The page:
How Do You Really Know How Many Cops You Need?

The key is to know exactly which elements you need, how to scrutinize and clean that data, how to organize it, and most importantly how to apply it.

Law enforcement is now a data-driven profession, forcing agencies to provide statistically-defensible articulation for how many patrol officers are needed to maintain or reach specific goals such as emergency response times or backup unit availability.

This is quickly becoming a hot-button issue, and we are witnessing a collision between politics and demand. If demand dictates more officers, is the area then being over-policed? There is a struggle between officer safety and budgets, and sometimes there simply is no more money to spend. Some officers working the street may feel their safety is being disregarded and they are being taken for granted while others may think everything is great. That’s the byproduct of an imbalanced workload. Then there’s the issue of minimum staffing. An ambiguous number that becomes cemented in the agency culture. We can all agree that there needs to be a certain number of officers on duty, but what is the basis for that number? Is it by shift? Is it by the hour, so the minimum can be met by different shifts?

Even if an agency had all of the officers they’re allocated, there could still be an imbalance in the workload. Officers could struggle to keep up during certain hours while at other hours officers don’t run call-to-call. That’s the byproduct of an inefficient schedule. It’s nearly impossible to consider all of these factors and come up with a patrol schedule and deployment plan that feels perfect for everyone. So, how do we find a defensible and agreeable plan to move forward? What is the best way?

The answer lies in the first paragraph of this blog post…. a DATA-DRIVEN solution. Upfront, everyone needs to know that they won’t get exactly what they want. This means the community, the officers, the command staff, the purse-string holders, and anyone else who thinks they know the right answer.

It’s hard to argue with numbers and when those numbers are shown to everyone, they become fact. It’s important to be transparent in how these numbers were derived. Once, during my years as an analyst, there was a neighborhood that felt neglected by the police department. They claimed they never saw the police patrol their neighborhood, even as they had high crime and drive-by shootings every weekend. Wow, I thought, we’ve really dropped the ball with these guys. Guess I better see what they’re talking about. I did my analyst thing, pulled the data, cleaned the data, and gathered additional data just to make sure I didn’t miss anything. Where was this high crime they spoke of? Drive-by shootings, surely we’d have records? The data was succinct. Low crime, and no drive-by shootings. Did they have crime, sure, but it was minimal in comparison to other neighborhoods. We sympathized with their perception that they were neglected by the police. But, when we showed them (with DATA) that we really need to spend our time in the neighborhoods that had higher crime and we couldn’t justify pulling cops from high crime areas where they are needed more, they actually agreed! They didn’t come away with what they wanted but were satisfied with the reason why.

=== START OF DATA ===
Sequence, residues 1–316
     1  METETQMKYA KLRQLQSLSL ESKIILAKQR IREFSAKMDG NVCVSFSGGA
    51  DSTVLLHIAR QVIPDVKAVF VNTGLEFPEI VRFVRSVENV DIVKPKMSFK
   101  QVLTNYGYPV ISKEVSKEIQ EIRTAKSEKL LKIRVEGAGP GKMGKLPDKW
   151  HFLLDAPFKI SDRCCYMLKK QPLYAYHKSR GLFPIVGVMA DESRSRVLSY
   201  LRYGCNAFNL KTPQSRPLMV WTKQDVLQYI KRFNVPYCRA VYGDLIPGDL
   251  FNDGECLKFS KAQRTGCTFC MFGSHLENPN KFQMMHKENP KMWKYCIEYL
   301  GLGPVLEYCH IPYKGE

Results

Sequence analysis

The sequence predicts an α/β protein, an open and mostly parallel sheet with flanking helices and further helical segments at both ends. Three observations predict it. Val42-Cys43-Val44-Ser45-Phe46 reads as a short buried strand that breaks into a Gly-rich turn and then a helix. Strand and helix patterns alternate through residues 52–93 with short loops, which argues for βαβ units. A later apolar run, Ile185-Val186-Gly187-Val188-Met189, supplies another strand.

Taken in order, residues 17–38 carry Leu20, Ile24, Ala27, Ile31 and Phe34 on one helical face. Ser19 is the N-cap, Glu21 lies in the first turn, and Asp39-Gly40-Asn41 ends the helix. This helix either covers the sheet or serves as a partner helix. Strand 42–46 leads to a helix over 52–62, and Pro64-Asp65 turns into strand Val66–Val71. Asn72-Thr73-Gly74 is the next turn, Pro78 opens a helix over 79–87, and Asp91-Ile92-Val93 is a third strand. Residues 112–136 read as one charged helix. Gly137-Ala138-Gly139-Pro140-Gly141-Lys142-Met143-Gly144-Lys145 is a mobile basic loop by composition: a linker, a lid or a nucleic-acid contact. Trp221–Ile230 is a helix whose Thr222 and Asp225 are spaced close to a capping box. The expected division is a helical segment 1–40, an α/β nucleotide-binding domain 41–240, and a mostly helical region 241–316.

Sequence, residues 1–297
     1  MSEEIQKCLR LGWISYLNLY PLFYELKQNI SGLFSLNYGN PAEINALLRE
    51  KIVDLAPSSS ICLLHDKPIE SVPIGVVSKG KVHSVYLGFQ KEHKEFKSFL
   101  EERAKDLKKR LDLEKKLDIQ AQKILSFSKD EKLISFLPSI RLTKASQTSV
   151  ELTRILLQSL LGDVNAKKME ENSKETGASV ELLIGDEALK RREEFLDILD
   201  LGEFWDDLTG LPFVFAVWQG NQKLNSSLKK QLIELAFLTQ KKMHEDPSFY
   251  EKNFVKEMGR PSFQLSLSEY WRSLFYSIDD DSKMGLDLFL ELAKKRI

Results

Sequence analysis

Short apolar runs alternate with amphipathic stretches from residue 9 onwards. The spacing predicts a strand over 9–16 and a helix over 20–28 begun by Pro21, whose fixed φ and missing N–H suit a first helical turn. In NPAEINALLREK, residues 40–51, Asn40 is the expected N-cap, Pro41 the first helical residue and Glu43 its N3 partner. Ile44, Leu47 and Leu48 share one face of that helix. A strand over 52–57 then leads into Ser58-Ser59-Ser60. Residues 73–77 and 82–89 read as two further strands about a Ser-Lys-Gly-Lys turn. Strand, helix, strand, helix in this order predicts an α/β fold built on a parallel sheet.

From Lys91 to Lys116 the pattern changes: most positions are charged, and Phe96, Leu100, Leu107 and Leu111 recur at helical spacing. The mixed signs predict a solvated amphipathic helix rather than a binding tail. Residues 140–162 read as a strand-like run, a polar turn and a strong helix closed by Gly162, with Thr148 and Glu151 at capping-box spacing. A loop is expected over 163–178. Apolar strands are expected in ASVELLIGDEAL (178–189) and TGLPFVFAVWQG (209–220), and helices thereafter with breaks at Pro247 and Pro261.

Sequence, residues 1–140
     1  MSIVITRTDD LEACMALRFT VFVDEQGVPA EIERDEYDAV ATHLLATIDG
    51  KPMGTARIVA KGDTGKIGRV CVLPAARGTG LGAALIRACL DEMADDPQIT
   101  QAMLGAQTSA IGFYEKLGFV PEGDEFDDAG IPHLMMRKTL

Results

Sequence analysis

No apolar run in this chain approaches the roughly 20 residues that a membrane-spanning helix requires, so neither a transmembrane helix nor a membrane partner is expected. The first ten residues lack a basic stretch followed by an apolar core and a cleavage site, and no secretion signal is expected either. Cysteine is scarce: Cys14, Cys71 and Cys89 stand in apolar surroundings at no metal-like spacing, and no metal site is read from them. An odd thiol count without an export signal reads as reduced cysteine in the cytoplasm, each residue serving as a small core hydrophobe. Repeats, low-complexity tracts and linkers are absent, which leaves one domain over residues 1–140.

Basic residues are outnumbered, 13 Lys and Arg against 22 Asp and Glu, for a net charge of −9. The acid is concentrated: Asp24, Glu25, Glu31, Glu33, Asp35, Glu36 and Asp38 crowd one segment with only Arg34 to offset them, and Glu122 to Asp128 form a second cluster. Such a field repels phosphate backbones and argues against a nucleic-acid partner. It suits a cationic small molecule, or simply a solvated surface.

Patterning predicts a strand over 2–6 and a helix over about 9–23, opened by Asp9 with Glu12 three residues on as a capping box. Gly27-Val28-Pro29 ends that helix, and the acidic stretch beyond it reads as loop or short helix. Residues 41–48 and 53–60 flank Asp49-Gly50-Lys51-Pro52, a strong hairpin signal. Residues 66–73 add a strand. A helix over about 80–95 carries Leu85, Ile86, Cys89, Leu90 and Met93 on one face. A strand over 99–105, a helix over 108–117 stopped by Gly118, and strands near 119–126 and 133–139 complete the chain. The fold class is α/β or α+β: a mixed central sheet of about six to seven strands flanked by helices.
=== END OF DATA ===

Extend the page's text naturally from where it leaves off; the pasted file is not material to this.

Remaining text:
The same solution applies to patrol staffing. There’s a plethora of data available to do this, specifically within CAD. The key is to know exactly which elements you need, how to scrutinize and clean that data, how to organize it, and most importantly how to apply it.

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The Need to Recalibrate Staffing as Attrition Rises and Recruits Dwindle

Assuming there was no other option, many agencies moved to 12-hour patrol shifts, thinking that was the only way to maintain minimum, or close to minimum, staffing levels.

To say that workloads have changed for patrol officers in the recent past is an understatement. For some, pandemic shutdowns altered which calls officers respond to in-person and temporarily decreased the day-to-day workload. Then more serious resource-intensive calls related to violent crime started creeping up. When the shutdowns lifted, society was anxious to get moving again. As all of this happened, law enforcement officers reevaluated their career choice and began leaving in droves. Agencies suddenly found their patrol ranks dangerously short-staffed.

Many responded by disbanding specialized units, pulling detectives out of investigations, and sending all warm bodies to cover patrol shifts. Assuming there was no other option, many agencies moved to 12-hour patrol shifts, thinking that was the only way to maintain minimum, or close to minimum, staffing levels.

48 officers on a 12-Hour schedule

It may seem like an intuitive move. However, inefficiencies can hide in 12-hour shift schedules. Either there is no overlap between shifts and officers frequently get held over, or, if there are overlapping cover shifts, then too many hours become overstaffed.

The inefficiency of a 12-Hour schedule

Recruiting woes were being felt by law enforcement agencies even before the pandemic hit. Now recruiting is even more difficult and agencies are upping their game, offering hefty monetary incentives to attract the pale number of applicants.